Beyond that, I think that it is important for me and for Solas Nua, that I remain connected to Ireland. I am Irish of course, and I grew up there, but Ireland is very much a country in transition, and even a few years absence would render you a stranger nowadays. I try to get home at least three or four times a year for a month at a time so that I can speak with confidence and authority in the U.S. on the Irish arts scene. I never want Solas Nua to fall victim to what we Irish lovingly call the “leprechaun syndrome” – where Ireland becomes a mythologized place with no basis in reality. I think that’s why I’ll always try to divide my time between the two countries.
We asked Managing Director of Solas Nua Dan Brick this question:
“Dan if you could tell us a bit about the Solas Nua – Forum Beckett Festival this October. How did that come about and what will it consist of?”
I’m glad you asked. It was all my idea. When Solas Nua was doing Howie the Rookie at Warehouse Secondstage I approached Forum theatre (whom I had never heard of) because they were performing on the main stage. I know how much the main stage costs and figured they had some money.
Forum had never even heard of Samuel Beckett so they weren’t particularly eager but I at one point I mentioned the idea of having cake to celebrate his birthday and all of a sudden Forum was on-board.
As far as the actually festival itself goes we haven’t worked out all the details yet but I really like the idea of monkeys smoking cigarettes and Forum doesn’t really care as long as there is more cake involved.
Linda and Jessie apparently want to feature a combination of productions of Beckett’s shorter works, Beckett Scholar presentations, and readings of his poetry, short prose and larger dramatic works.
I will let you know the details as they become available but right now I’m thinking that it will probably be a one-night event at the Irish Embassy featuring a smoking monkey reading from Beckett’s early works while dancing on a flaming cake. Things could change but I hope not.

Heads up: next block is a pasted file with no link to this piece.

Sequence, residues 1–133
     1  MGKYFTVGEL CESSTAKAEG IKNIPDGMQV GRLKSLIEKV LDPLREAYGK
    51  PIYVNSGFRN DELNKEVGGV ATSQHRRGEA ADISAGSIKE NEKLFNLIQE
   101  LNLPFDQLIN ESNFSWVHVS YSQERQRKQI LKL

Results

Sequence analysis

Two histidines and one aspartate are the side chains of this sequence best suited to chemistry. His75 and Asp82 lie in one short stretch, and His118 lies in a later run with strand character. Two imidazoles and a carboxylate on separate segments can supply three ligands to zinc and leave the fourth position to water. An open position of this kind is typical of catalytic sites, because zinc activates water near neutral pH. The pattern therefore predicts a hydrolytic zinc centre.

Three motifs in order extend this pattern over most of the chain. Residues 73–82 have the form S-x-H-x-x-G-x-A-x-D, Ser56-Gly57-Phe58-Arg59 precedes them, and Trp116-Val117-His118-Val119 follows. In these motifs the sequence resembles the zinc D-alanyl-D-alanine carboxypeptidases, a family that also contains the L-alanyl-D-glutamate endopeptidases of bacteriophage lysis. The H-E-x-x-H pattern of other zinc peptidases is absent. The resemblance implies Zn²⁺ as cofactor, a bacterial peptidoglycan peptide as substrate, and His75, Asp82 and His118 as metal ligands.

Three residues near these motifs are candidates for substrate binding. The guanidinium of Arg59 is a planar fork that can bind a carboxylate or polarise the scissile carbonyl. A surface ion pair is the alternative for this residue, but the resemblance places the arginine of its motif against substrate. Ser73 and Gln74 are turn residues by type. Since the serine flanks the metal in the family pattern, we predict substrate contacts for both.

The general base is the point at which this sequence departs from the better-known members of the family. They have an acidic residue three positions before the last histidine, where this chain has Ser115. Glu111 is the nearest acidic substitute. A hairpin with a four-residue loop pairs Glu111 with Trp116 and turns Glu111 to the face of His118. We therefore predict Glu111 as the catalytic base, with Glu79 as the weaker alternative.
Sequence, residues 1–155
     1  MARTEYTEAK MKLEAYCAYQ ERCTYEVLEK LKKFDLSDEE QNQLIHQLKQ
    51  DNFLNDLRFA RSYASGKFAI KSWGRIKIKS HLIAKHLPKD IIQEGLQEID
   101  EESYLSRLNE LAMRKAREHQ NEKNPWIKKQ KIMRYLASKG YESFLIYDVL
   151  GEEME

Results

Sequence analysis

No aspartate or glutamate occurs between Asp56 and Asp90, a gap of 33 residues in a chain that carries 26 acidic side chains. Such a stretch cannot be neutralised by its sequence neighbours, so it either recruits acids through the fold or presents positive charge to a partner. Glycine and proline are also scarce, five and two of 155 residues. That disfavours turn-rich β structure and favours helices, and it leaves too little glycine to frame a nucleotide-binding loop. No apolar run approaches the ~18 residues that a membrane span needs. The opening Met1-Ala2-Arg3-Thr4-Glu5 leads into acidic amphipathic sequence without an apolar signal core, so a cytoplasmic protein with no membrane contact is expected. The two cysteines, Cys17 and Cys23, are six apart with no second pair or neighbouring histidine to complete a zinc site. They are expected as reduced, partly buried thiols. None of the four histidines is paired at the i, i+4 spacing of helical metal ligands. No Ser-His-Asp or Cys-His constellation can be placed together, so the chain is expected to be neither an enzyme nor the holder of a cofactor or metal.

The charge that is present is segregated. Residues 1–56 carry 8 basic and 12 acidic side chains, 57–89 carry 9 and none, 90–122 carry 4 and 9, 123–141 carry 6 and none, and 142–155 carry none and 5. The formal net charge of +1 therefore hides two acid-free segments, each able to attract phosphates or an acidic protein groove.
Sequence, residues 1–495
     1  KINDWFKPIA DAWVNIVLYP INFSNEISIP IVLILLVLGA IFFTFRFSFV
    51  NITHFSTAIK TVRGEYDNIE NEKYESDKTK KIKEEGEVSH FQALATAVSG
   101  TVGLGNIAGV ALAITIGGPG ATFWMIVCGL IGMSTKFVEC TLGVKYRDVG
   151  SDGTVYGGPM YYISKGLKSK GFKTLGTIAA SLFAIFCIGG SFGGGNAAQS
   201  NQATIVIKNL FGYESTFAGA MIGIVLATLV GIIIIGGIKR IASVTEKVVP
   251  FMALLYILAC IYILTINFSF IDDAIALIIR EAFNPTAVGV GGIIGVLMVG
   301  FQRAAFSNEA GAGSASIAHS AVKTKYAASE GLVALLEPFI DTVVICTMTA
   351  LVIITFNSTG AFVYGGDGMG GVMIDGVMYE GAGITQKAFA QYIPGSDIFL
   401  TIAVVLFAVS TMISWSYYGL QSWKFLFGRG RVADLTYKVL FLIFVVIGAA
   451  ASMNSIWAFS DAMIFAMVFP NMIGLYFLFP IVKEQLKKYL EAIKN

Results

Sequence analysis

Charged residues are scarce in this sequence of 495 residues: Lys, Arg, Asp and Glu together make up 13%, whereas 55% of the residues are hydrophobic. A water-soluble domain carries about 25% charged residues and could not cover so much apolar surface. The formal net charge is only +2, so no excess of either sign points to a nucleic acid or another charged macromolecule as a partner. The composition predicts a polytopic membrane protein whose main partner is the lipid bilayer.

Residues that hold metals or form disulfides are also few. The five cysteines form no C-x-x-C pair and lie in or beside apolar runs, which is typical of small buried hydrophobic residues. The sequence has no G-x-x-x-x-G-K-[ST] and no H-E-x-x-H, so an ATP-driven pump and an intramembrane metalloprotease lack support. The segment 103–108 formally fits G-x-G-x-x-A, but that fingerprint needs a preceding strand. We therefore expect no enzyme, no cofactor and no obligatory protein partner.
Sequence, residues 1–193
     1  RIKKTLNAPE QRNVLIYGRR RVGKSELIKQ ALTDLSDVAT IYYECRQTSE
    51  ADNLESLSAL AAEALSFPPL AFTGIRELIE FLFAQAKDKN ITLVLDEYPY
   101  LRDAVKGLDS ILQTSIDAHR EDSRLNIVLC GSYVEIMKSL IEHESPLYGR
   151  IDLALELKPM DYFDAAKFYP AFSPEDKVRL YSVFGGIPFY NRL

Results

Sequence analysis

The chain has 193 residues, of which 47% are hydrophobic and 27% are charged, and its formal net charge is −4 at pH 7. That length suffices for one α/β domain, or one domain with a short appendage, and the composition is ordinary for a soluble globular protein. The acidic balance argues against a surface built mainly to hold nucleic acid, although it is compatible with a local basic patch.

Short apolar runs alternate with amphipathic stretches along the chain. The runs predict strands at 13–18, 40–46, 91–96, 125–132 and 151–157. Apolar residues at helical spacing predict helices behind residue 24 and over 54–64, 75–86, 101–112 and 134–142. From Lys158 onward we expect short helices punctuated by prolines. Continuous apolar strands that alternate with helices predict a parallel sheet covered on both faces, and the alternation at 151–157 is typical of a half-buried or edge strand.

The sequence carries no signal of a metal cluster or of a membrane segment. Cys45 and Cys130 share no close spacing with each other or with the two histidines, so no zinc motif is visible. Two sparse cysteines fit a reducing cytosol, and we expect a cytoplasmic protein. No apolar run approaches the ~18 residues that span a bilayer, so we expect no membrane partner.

We asked Michael Dove about his Beckett roots:
Without trying to sound overly-praising and cheesey (as Beckett scholars often do), studying Beckett and exploring his work really helped me establish my theatre aesthetic–granted, at my relatively young age as a director. My background in theatre was primarily in design, so discovering this writer that is not only brilliant with language, but so attuned to the visual aspect of theatre, was quite revelatory.
When we started Forum a few years ago, it was an obvious choice to start with the Beckett short plays, our first DC production. I wanted it to not only establish our style for the audience, but for it to serve as a primer to our company of actors and designers for what we were trying to achieve. In Beckett, I see the marriage of the text and the visually abstract, the emphasis of design, the marriage of physical acting with rich language…everything that Forum strives to create.
Directing BECKETT: THE SHORTER PLAYS was my graduate program, my military service and my seminary all rolled into one.
You can see Beckett’s writing influence in many of the works Forum produces: Muller’s HAMLETMACHINE, Ami Dayan’s UpSHOT, and in a few of the projects in our upcoming season. There’s no active attempt on our part to choose work that has ties to Beckett—-but we acknowledge his legacy and importance to contemporary theatre. He simply decided that there were different ways to tell a story and opened the door for every playwright/choreographer/paitner/composer to come.
The festival in October is our way of celebrating these efforts.
And last but not least Jessi Burgess (who directed the fabulous Beard Of Avon at Rorschach) was asked a few questions:
Tell us a little about the upcoming show you will be directing for Solas Nua and how that came about.
I will directing Tom Murphy’s THE DRUNKARD for Solas Nua, which will run October 4 through November 5 at the Warehouse on 7th Street. Murphy, whose GIGLI CONCERT is currently running at Woolly, adapted the text from the 1844 American temperance play of the same name by W.H. Smith and A Gentleman. This prolific and celebrated contemporary Irish writer has placed this story in Ireland, but keeps the story set in the mid-nineteenth century. Moral and musical, moving and theatrical, THE DRUNKARD tells the story of a well-meaning young man addicted to drink, the faithful and beautiful woman who loves him, and the black-hearted villain who uses booze to tear them apart.
How I came to be directing this project is kind of convoluted story and – this is important to note – it contains the TRUE (i.e. not Dan Brick’s smoking-monkey mumbo-jumbo) story of how our Beckett celebration came about. Michael Dove (the Artistic Director of Forum Theatre Dance) approached me about putting an event together for Beckett’s hundredth birthday sometime in January. Michael’s a huge Beckett fan (his company had produced BECKETT: THE SHORTER PLAYS in their first DC season).